Posted 9 months ago by Switched On Space
The pandemic of 2020 has left many in real estate reeling. The lockdown, working from home trend, and an abundance of ‘thinking time’ in the face of a sector that has been placed in to suspended animation, has allowed many in real estate to question the future of the industry as a whole. Many are viewing their business models, operations and structures as obsolete or severely outdated, and many are looking for solutions.
Technology companies have fared well throughout the pandemic. This can be seen in the markets, and also through real estate; the tenants that are still paying! In recent years the property technology investment business has been doubling annually, creating an assembly line of new and exciting solutions for the perceived problems in real estate.
With a heavy flow of new and innovative proptech investor solutions hurtling towards the real estate sector, is the industry ready to invest wisely and effectively? We look at some of the key mistakes that are being made in our sector and address how to resolve them drive huge productivity gains, by applying rigour and process to technology investment in your business.
4 Common Mistakes
Innovation syndrome – The need to innovate ‘now’ overshadows the need to research rigorously. Goal setting is bypassed, answers to problems often come before questions are thoroughly laid out. In short bad decisions are made quickly.
Panacea pilgrimage – The vision of how your business will look, drives an impatience to achieve it in one single swing of the bat; The fix all panacea. This invariably leads to an over estimation of what your organisation is capable of achieving to an excellent standard.
Beta Buying – The process of acquiring technology is perilous and is often not your primary expertise. Without having a deep understanding of the provider, it is often difficult to really know if you are investing in a long-term solution.
Mission Creep – Projects that discover problems along the way invariably become bigger and bigger, and longer and longer. People lose interest, motivation and it develops a self-sustaining life of its own! The initial goals, ROI and purpose are lost, and the project drags and increases in cost.
Result – money invariably lost, organisation de motivated and unlikely to become a constant investor in technology. The long road to obsolescence becomes shorter.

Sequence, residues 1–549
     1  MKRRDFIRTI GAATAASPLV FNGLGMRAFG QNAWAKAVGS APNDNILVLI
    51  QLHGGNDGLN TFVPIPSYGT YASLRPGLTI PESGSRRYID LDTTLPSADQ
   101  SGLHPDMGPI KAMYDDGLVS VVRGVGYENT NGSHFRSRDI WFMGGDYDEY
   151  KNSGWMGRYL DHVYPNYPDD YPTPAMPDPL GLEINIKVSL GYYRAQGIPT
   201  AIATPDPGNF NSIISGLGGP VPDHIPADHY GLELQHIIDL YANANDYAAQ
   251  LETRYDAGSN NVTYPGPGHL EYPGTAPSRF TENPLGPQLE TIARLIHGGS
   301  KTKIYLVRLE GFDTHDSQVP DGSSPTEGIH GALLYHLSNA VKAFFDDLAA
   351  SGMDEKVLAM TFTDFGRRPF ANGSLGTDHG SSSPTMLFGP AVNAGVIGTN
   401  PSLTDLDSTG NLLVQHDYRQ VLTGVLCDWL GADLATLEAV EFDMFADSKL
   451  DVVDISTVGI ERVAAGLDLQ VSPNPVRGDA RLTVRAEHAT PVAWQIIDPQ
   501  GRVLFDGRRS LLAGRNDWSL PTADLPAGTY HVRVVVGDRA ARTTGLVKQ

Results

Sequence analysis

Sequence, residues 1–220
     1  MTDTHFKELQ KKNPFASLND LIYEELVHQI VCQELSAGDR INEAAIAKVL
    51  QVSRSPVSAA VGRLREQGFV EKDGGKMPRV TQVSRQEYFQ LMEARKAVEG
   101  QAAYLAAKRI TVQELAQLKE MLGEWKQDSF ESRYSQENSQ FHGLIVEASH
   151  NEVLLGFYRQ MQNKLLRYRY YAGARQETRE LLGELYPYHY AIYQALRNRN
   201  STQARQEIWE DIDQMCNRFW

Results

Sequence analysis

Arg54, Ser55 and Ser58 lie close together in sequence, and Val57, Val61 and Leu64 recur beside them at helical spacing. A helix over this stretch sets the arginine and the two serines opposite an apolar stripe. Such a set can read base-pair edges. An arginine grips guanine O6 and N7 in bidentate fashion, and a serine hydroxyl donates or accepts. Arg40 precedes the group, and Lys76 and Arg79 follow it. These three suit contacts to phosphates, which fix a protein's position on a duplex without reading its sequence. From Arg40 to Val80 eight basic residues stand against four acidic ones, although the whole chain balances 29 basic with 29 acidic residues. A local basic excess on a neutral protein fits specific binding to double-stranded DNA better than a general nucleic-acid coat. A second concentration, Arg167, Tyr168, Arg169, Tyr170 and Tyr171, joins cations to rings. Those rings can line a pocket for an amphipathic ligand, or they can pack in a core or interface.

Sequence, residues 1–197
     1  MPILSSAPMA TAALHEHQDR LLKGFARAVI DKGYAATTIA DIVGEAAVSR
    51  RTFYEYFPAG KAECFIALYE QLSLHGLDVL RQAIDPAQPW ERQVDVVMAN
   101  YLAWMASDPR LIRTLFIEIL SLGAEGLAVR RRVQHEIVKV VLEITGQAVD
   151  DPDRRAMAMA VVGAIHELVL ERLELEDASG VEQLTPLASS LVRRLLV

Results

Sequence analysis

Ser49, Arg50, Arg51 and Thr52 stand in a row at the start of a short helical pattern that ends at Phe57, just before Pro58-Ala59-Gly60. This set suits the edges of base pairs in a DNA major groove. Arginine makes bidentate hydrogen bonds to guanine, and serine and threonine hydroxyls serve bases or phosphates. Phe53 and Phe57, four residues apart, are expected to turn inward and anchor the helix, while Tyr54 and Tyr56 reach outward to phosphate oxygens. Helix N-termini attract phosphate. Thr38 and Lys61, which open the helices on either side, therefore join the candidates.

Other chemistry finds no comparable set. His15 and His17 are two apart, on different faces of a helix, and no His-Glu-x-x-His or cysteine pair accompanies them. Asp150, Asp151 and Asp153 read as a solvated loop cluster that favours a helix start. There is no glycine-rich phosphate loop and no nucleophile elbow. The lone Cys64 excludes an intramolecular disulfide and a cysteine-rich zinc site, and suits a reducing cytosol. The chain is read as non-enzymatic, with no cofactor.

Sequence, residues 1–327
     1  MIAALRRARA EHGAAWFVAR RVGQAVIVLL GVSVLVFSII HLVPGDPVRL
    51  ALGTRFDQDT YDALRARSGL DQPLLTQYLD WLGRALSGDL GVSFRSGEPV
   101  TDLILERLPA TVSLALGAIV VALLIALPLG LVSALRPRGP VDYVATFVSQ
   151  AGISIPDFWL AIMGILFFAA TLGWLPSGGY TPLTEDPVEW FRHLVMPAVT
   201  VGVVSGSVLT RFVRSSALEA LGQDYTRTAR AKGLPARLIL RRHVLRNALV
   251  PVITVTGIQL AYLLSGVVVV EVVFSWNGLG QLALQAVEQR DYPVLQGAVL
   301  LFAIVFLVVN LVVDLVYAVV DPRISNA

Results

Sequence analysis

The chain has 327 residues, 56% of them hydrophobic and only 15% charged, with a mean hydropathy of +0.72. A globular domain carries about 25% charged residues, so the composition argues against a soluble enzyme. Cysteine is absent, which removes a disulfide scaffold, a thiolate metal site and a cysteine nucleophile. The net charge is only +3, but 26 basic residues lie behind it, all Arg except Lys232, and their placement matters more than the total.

How to avoid these common mistakes
Goal set – Ask the burning questions that you believe affect your business. What are you trying to achieve and why? Be ruthless in narrowing down these questions until you come to one goal that is your absolute priority.
Criteria – Once you have a goal, you can begin to set criteria that a solution or answer must provide. This may be centred around cost or outcome but should be both.
ROI – When researching potential solutions, be sure to address Return on Investment first. As good as a product or technology may be, its business, and unless it pays for itself or delivers the required outcome it’s not going to work at scale.
Repeat – The process of iteration is everything in innovation. Keep asking the burning questions and tackling the issues one by one, each time learning more about what is available, and what returns on investment.
Result – Though wins are sometimes smaller, they always deliver a return on investment and this encourages you that there is value in being an innovation investor.
Remember these truths
- Most real estate companies are not investing enough or at all in innovation.
- Innovation is a constant process of ruthlessly pursuing ROI on technology investments
- Whole system panaceas don’t exist
- Set a goal
- Use criteria
- ROI is everything
About the writer:
Zac Goodman is a veteran property investor having founded NorthHill Capital, a leading real estate investment company in London. He also built TSP a high-tech managing agency managing over £2bn of real estate. SwitchedOn.Space was formed to identify & curate high impact technology for the real estate sector. Goodman’s newest company is growing rapidly in the face of huge technology investment in real estate. His vision is technology to improve our world, our environment & our lives, no compromises.
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